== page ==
Georg Solti Accademia di Bel Canto

Bellini, Tosti, Verdi, Puccini

Wigmore Hall, 22 January 2008 4 stars

Mihoko Kinoshita rehearses with Mirella Freni, 1996 (credit: Graziano Villa)The Solti Accademia Di Bel Canto is a three-week summer school that takes place annually in Castiglione, where a few lucky singers can enjoy intensive coaching with artistic director Jonathan Papp and stars of the opera stage, who have included Dame Kiri Te Kanawa, Mirella Freni (pictured) and Leo Nucci.  This concert was to serve as a London showcase for ten of the singers who have taken part in recent years, although in the event only nine were able to perform, as the promising young Romanian soprano Eliana Pretorian, who excelled as Zerlina in British Youth Opera's 2006 Don Giovanni, unfortunately had a cold. 

The concert got off to an arresting start with Swedish mezzo Matilda Paulsson who performed Romeo's 'Se Romeo t'uccise un figlio' from Bellini's I Capuleti e i Montecchi.  She looked sensational and sounded even better, pouring out a free and flexible voice of gleaming, rich tone that had enough bite in it to suggest she may make a thrilling Princess Eboli in the fullness of time.  Her line was excellent in the cavatina, and her coloratura accurate and passionate in the cabaletta – all the primary elements of bel canto were in evidence.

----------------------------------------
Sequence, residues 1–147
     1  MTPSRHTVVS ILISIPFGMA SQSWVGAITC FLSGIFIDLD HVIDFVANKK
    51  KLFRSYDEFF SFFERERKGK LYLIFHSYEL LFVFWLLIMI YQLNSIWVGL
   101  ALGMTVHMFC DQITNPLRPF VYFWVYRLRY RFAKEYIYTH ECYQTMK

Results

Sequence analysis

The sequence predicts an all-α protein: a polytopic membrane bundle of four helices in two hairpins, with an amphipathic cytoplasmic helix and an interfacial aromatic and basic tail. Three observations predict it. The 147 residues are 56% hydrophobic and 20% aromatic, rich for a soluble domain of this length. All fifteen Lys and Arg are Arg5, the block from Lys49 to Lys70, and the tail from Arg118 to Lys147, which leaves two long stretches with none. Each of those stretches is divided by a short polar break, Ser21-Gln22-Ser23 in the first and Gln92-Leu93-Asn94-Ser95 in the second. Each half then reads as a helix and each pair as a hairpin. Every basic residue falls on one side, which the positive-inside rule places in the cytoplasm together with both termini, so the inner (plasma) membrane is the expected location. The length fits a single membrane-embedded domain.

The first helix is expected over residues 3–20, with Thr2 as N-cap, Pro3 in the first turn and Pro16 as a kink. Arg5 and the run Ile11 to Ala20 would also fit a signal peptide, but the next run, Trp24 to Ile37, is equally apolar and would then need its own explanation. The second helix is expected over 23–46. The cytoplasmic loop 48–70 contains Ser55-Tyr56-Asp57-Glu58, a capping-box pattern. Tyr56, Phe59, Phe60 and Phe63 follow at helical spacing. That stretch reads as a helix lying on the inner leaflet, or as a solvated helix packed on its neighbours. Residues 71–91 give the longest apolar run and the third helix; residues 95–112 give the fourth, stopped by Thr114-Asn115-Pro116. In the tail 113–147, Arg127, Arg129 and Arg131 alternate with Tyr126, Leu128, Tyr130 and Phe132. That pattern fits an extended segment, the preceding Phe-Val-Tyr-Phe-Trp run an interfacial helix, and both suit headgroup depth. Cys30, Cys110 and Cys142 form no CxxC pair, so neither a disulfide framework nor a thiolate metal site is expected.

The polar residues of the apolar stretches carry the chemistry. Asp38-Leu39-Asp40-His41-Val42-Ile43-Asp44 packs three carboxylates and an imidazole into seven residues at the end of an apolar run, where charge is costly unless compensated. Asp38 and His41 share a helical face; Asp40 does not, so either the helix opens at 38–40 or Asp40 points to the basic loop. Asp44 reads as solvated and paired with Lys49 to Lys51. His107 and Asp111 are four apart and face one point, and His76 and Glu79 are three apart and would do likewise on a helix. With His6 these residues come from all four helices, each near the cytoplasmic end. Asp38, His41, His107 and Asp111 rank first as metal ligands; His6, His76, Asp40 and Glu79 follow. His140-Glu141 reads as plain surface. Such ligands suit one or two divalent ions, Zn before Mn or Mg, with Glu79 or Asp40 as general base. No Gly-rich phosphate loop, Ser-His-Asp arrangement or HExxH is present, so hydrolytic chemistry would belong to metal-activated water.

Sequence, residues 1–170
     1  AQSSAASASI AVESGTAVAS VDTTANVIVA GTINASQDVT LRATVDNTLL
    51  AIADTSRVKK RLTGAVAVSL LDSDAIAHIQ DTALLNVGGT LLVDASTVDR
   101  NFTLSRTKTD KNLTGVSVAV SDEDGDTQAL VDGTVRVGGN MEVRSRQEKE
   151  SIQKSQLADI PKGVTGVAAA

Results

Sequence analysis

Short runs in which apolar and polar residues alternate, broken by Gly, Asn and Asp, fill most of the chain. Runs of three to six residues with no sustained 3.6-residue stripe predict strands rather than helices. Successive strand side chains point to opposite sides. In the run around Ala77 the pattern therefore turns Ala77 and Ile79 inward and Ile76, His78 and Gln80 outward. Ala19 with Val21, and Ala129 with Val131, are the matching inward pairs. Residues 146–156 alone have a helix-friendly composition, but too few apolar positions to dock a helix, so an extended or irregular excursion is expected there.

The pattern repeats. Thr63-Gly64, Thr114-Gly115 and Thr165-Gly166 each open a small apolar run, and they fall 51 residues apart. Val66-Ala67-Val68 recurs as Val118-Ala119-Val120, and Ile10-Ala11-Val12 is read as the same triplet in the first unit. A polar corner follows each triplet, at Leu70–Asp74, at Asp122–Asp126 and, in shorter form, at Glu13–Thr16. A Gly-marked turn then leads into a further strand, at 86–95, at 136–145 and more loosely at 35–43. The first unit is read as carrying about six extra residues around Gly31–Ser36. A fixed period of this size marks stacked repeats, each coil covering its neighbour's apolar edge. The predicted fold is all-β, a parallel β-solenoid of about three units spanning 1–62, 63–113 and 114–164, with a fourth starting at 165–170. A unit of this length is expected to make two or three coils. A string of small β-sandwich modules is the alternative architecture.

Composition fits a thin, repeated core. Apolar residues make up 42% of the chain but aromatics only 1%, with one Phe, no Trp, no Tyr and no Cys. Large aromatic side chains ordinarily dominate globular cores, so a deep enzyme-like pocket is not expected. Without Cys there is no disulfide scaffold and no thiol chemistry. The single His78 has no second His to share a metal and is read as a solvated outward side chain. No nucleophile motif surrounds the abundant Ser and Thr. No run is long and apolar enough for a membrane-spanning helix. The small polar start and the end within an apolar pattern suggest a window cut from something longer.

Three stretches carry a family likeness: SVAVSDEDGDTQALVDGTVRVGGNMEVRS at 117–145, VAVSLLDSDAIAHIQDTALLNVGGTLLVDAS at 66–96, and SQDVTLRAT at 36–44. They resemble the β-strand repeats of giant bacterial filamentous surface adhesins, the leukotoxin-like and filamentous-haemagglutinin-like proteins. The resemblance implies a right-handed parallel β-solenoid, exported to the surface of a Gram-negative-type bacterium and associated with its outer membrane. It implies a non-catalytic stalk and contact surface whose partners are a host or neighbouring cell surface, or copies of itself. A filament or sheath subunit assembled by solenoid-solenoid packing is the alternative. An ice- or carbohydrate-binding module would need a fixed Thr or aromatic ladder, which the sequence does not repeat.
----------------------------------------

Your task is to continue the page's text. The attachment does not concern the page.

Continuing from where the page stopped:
Paulsson was followed by the Japanese soprano Mihoko Kinoshita (pictured) who performed 'Un bel di vedremo' from Puccini's Madama Butterfly with moving tenderness and great power.  Kinoshita's voice is extremely beautiful but also very large which may have made it difficult to dominate during her training.  This may account for a slight sense of caution in her singing.  Just occasionally, phrases ended a little abruptly, and she breathed in places where one is used to hearing the line sung through.  Equally, however, this could be explained by the situation she was in – it cannot be easy to launch into a difficult aria from nothing, with only a piano, knowing the audience is comprised largely of agents and others from the classical music industry.  Certainly, this tendency was much reduced when she appeared in the second half with Lithuanian mezzo Jurgita Adamonytė to sing the duet 'Mira, o Norma' from Bellini's Norma, which was the highlight of the evening for me.  Both singers appeared unphased by the difficulty of the music, and not only sung their roles excellently and beautifully, but duetted with great sensitivity.  The rising staccato scales in thirds were perfectly coordinated and lent a fantastic sense of polish to the performance. 

Adamonytė's solo selection was, slightly perplexingly, the Tosti song 'Ridonami la calma'.  For the majority of the piece, she held back a great deal, creating a very even but rather tense line.  When she did let rip at the song's climax, she revealed a voice of great size and colour, but the transition was unfortunately not well managed and the timbre turned metallic and buckled slightly.  In bigger repertoire where she feels less inhibited, as evidenced by her Adalgisa, she is far more convincing.